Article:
Figure 12: Real-time quantitative polymerase chain reaction analysis of differential gene expression in the distal tibial nerve and common peroneal nerve stumps of rats at 1, 7, 14, 21 days post-surgery.
The relative expression of each mRNA was calculated using the comparative Ct method and normalized using Gapdh for each data point. *P < 0.05, ****P < 0.0001, vs. tibial nerve (n = 16; mean ± SD, one-way analysis of variance followed by Dunnett’s post hoc test). d: Day(s).


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  Discussion Top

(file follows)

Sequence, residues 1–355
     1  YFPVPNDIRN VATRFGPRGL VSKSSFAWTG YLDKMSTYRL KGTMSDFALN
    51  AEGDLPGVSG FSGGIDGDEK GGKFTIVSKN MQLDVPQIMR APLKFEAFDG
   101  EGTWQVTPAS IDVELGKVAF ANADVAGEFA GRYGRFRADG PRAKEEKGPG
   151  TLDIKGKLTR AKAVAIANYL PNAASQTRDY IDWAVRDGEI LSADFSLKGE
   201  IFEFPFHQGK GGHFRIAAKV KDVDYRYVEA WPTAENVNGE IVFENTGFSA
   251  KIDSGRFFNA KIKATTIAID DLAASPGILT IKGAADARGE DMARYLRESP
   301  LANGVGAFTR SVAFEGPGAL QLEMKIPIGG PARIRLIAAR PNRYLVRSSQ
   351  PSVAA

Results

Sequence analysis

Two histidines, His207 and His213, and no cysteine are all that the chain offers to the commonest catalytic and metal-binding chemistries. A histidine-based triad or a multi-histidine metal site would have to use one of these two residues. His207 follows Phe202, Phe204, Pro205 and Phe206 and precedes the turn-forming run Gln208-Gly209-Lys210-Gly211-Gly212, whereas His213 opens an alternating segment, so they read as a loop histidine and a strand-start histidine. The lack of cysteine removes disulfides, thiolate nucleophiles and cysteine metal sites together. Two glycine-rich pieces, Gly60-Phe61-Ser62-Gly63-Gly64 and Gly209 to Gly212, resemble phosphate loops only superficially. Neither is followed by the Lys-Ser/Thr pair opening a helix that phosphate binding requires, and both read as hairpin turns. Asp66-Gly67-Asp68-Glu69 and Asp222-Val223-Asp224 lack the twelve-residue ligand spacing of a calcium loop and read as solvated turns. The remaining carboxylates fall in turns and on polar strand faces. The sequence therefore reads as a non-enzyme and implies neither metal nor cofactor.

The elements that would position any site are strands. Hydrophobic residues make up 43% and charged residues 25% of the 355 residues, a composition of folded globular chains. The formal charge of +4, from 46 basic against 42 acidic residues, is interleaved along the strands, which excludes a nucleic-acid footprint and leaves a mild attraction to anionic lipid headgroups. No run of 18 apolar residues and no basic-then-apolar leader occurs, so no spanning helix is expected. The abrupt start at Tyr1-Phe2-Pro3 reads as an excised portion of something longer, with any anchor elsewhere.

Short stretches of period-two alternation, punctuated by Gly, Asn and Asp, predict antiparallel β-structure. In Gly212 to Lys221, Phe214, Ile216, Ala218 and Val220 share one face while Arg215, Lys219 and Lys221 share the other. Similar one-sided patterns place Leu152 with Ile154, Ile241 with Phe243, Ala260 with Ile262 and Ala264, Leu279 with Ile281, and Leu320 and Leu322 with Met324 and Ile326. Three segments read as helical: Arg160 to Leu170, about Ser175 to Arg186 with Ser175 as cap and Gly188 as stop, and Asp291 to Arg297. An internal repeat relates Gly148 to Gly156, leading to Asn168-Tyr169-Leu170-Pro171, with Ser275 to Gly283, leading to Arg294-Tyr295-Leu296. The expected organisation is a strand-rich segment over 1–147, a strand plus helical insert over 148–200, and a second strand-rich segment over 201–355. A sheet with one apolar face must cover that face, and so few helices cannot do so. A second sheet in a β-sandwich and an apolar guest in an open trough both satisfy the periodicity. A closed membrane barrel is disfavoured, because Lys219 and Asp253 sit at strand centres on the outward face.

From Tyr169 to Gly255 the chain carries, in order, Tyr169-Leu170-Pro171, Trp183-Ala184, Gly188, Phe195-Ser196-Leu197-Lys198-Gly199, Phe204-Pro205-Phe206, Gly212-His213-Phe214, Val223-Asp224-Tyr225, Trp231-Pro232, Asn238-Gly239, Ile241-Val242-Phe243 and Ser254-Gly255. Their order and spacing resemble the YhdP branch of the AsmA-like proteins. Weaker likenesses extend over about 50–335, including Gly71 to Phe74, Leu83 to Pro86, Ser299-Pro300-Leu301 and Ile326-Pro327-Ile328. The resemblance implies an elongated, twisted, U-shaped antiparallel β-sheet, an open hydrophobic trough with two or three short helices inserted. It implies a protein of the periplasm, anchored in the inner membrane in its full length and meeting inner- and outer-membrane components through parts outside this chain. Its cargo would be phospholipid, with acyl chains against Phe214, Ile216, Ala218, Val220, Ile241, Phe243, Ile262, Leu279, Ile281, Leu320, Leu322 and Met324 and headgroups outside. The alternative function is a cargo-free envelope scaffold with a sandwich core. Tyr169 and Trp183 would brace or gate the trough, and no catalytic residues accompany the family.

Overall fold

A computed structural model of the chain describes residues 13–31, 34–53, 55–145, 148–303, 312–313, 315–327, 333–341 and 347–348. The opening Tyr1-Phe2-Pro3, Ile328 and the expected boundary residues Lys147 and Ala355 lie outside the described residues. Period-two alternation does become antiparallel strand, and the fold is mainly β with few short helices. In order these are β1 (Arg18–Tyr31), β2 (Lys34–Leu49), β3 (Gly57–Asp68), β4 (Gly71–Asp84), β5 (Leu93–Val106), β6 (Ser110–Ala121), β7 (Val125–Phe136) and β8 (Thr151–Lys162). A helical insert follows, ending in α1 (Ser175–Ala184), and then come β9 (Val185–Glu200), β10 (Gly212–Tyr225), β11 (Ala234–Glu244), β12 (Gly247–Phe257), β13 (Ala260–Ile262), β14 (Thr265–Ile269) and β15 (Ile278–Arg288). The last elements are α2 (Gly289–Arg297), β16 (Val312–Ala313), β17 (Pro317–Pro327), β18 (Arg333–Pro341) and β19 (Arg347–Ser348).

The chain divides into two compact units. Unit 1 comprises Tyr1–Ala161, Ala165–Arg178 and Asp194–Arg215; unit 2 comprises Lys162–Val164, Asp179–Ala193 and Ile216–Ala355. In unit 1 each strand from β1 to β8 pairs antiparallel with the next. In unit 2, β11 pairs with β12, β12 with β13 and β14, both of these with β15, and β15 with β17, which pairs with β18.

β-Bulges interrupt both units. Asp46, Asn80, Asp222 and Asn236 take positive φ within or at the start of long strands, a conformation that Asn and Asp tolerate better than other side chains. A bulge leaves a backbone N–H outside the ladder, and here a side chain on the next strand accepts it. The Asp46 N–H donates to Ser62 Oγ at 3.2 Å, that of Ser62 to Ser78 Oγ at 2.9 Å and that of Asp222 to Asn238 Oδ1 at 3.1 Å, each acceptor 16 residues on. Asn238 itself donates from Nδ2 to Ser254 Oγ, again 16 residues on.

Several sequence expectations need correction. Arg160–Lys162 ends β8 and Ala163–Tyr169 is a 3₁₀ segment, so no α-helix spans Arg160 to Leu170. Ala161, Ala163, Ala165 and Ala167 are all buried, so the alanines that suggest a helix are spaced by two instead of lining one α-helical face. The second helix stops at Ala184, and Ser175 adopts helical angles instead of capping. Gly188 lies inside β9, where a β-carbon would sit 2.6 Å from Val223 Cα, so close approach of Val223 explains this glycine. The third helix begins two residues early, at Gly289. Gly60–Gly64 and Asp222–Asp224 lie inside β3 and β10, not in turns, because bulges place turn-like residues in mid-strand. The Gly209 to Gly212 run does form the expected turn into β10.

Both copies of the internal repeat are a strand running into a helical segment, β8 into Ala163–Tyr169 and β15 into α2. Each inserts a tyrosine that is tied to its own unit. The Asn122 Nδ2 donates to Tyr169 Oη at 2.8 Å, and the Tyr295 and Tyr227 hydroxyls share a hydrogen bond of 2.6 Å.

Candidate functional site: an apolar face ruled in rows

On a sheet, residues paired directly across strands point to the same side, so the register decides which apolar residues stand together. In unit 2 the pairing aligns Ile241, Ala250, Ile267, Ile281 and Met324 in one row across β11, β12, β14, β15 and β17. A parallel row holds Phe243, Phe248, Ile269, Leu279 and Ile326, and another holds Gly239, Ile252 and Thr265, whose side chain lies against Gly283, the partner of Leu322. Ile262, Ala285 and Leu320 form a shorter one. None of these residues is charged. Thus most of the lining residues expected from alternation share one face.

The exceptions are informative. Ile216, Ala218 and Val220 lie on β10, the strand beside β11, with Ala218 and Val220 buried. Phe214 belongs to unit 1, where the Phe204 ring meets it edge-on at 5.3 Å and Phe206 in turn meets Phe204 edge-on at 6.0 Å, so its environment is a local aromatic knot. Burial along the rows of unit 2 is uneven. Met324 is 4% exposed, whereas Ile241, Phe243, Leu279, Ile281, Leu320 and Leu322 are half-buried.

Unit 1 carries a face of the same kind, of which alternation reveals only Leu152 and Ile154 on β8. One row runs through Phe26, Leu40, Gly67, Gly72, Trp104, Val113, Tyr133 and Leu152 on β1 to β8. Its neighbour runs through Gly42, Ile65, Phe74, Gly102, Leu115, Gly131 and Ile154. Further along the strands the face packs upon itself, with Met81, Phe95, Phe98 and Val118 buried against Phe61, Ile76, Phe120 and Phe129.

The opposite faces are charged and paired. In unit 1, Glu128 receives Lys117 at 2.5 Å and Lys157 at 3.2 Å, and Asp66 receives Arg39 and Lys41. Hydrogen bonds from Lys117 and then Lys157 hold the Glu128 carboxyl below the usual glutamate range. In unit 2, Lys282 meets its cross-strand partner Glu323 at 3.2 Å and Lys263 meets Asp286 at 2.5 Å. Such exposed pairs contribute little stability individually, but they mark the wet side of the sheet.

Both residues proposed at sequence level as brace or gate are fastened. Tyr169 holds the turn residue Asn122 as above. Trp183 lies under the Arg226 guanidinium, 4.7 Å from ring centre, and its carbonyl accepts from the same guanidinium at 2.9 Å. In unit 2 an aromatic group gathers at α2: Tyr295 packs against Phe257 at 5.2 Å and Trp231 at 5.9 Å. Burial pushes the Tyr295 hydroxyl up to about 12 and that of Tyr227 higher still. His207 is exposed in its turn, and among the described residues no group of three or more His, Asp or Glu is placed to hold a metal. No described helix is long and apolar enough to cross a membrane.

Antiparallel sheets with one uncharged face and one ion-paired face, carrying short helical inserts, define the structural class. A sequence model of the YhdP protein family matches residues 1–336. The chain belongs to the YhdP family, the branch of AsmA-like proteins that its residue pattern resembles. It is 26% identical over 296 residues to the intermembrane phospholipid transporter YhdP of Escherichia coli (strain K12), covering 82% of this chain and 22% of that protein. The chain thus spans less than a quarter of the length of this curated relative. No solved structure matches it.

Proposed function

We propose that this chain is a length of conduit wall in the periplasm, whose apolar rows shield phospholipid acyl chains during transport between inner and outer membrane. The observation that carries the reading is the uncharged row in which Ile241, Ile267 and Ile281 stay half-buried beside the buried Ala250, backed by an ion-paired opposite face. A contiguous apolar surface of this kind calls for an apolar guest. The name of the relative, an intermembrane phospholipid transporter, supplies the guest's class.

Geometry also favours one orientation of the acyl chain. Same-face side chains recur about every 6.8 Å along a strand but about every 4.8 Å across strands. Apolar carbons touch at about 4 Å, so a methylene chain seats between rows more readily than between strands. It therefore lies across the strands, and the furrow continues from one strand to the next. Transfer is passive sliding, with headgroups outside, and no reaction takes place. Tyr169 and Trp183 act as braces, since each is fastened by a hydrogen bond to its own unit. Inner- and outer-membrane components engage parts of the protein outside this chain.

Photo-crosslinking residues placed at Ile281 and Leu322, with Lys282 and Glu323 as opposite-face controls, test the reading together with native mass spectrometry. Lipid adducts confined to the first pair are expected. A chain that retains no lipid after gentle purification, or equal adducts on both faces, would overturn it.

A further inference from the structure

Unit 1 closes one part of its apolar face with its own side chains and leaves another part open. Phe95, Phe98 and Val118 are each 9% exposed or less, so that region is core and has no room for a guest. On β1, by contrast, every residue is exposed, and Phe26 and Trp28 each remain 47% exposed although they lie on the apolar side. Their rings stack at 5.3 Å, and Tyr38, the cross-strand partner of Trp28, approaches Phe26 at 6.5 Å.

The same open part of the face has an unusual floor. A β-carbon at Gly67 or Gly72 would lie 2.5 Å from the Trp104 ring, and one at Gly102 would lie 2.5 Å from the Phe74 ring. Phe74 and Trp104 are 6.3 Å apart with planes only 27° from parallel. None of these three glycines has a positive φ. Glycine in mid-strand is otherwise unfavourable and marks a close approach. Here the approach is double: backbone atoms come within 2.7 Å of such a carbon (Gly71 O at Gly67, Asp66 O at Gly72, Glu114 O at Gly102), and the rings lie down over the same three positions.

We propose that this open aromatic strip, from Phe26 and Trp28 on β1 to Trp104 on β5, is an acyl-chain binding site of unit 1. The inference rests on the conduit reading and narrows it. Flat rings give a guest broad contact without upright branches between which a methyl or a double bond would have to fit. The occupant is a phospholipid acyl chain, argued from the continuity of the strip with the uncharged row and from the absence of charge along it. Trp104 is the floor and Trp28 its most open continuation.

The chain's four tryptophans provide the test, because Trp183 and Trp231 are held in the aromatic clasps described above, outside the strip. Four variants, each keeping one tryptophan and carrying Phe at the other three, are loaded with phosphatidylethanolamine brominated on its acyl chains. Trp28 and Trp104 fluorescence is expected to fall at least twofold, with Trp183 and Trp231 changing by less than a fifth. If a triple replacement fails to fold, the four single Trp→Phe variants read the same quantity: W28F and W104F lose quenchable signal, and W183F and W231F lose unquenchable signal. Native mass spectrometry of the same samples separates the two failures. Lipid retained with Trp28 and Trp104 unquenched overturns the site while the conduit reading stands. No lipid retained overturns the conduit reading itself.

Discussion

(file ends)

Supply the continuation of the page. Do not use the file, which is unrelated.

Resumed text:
Although the molecular mechanisms of Wallerian degeneration have been extensively studied, the exact mechanism of degeneration and regeneration of distal nerves after injury remains unclear (Loreto et al., 2015; Vargas et al., 2015; Chang et al., 2016). The recovery of function after peripheral nerve injury depends on whether the broken end achieves a bridging repair, the distance between the injured nerve and the target organ, the speed of nerve regeneration, and whether the regenerated axonal can accurately grow into the original target organ (Skouras et al., 2011). Highly developed microsurgery enables the bridging of nerve ends (Jiang et al., 2006; Ray et al., 2010; Faroni et al., 2015). We designed the injury of the tibial nerve and the common peroneal nerve to be in the same plane, and there was no obvious difference in the distance to the corresponding target muscle, so regeneration distance was not the decisive factor. Kang et al. (2013) confirmed that the nerve regeneration rate of aged rats is remarkably slower than that of young rats. However, there was no difference in regeneration rate after injury between nerves. Our early studies found that recovery of the tibial nerve was markedly better than that of the common peroneal nerve after injury. Therefore, we inflicted injury on the two nerves in the same horizontal plane on the same thigh of the same mouse. We used RNA sequencing and proteomics to explore whether there were differences in gene and protein expression in Wallerian degeneration between the two nerves.